The applet helps you learn and practice with the five apportionment methods: Hamilton's, Jefferson's, Adams', Webster's and Huntington-Hill. Start with the **Create Table** tab.

This is the only tab where you can specify the number of states (and, if you wish, their names), the number of seats to be allocated to state representatives and the population of each state. To make a cell in the **Population** column editable, place it into the focus (by using the navigational keys) and pressing *F2* or by double clicking inside the cell. To navigate away from a cell, press *Enter* or any of the navigational keys.

The **Compute** button at the lower right corner of the applet is initially disabled. It becomes enabled after all the population data have been entered. Before leaving the tab, you have to press the **Compute** button. This fills the **Standard Quota** column and completes the **Population** column with the **Total** and the **Standard Divisor**.

The data from this table will be automatically transferred to the tables under other tabs to be used by specific apportionment methods.

The table is filled automatically with all the preliminary data needed to execute Hamilton's method of apportionment. In particular, when you switch to the tab, the number of **surplus** seats has been computed. All that remains is to distribute the surplus seats according to Hamilton's method. You do that by choosing the seats one at a time at the combobox in the lower right corner of applet.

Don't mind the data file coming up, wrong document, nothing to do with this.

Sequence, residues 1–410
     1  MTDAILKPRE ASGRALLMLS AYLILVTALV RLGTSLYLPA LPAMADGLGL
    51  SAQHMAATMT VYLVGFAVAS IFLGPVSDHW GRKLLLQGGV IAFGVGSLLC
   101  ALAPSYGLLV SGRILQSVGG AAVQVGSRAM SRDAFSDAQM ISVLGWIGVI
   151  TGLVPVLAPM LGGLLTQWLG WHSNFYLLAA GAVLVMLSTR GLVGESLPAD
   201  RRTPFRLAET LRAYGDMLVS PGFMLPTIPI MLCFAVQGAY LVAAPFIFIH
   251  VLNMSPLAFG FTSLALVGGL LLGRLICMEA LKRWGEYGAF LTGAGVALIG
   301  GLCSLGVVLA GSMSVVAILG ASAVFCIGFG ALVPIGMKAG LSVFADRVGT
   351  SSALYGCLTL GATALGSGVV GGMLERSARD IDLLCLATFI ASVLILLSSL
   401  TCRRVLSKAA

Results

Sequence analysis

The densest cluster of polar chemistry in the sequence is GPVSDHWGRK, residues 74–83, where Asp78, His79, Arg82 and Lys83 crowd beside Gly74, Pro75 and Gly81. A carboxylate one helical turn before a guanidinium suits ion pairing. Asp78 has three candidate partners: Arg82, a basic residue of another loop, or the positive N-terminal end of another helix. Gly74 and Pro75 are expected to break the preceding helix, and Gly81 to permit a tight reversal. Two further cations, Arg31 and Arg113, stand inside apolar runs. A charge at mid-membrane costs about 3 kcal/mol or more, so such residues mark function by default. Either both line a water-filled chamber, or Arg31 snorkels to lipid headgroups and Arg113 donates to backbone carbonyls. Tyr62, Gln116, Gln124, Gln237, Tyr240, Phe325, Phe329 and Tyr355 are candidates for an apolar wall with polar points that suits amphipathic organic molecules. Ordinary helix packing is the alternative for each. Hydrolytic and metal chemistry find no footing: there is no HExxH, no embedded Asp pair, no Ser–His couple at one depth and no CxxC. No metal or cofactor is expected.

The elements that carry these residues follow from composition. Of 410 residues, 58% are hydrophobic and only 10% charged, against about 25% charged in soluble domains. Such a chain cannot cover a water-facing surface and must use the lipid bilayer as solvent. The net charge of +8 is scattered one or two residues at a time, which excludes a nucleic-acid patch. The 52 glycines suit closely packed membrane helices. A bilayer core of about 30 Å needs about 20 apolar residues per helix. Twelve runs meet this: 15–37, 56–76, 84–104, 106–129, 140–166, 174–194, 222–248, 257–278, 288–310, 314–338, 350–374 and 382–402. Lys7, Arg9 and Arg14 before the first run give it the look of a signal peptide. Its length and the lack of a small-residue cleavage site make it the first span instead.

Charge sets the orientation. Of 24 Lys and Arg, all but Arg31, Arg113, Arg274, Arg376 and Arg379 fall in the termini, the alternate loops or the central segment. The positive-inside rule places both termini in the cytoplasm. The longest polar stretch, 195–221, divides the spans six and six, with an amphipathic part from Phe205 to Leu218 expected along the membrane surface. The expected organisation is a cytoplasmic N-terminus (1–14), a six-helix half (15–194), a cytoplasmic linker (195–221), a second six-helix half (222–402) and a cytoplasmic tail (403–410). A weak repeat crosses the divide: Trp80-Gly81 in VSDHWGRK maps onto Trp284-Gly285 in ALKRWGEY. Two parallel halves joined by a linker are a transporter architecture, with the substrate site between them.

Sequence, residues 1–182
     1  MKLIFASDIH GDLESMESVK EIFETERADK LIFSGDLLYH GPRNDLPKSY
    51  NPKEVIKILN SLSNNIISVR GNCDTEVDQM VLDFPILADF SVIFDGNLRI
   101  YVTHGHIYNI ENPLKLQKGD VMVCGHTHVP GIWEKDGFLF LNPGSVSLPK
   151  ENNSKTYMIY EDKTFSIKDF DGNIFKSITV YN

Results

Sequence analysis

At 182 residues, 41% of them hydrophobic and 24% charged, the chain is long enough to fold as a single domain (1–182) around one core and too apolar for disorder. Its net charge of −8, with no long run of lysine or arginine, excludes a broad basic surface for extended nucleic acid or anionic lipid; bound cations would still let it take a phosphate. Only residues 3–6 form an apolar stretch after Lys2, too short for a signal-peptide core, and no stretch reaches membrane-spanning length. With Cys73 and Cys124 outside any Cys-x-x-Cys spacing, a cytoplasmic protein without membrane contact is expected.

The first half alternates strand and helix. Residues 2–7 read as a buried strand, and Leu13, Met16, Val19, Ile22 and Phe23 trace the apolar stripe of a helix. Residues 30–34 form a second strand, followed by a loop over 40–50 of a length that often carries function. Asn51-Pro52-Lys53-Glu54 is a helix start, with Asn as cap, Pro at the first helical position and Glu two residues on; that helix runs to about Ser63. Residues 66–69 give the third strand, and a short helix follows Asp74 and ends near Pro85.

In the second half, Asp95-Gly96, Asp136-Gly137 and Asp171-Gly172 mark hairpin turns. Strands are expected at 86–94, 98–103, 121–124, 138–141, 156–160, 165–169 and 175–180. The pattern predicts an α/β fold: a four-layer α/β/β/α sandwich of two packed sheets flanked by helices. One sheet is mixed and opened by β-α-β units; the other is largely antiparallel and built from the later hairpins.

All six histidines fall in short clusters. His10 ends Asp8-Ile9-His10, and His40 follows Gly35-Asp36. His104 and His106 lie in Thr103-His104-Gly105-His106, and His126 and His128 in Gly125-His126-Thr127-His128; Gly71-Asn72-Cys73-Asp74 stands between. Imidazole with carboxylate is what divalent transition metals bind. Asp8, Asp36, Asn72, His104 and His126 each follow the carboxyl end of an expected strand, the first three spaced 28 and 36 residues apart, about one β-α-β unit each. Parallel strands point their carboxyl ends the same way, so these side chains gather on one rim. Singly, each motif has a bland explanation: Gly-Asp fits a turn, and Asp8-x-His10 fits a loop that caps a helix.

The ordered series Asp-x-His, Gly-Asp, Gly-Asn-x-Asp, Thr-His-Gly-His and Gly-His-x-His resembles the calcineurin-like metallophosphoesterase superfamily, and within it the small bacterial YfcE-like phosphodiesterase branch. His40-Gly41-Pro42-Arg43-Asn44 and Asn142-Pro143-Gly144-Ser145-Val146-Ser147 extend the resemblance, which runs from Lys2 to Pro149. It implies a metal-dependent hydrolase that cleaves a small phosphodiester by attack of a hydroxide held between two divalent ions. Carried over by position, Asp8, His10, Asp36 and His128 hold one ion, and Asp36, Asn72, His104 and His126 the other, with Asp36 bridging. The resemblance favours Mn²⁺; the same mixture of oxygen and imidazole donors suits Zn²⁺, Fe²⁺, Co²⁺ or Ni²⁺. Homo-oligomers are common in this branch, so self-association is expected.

The tabs for the three methods have the same structure. The table consists of 5 columns, of which the first three have been inherited from the **Create Table** tab. The fourth and the fifth columns are automatically filled depending on the value of the **Modified Divisor** defined at the bottom of the applet.

The table for the Huntington-Hill method has six columns, the first four defined as under all the **Jefferson's**, **Adams'** or **Webster's** methods tabs. The fourth shows the **cutoff** value for each of the **Modified Quotas**; the fifth column is automatically filled with seat allocation.

In all 4 methods that employ a divisor to evaluate a population equivalent for a single seat, the seat allocation is only correct when the total of seats in the last column adds up to the available number of seats.

The last tab combines the results of all five methods as they become available. You have to visit the tabs of the methods you wish to compare for a particular population data, to make it available under the comparison tab.

Here is the applet.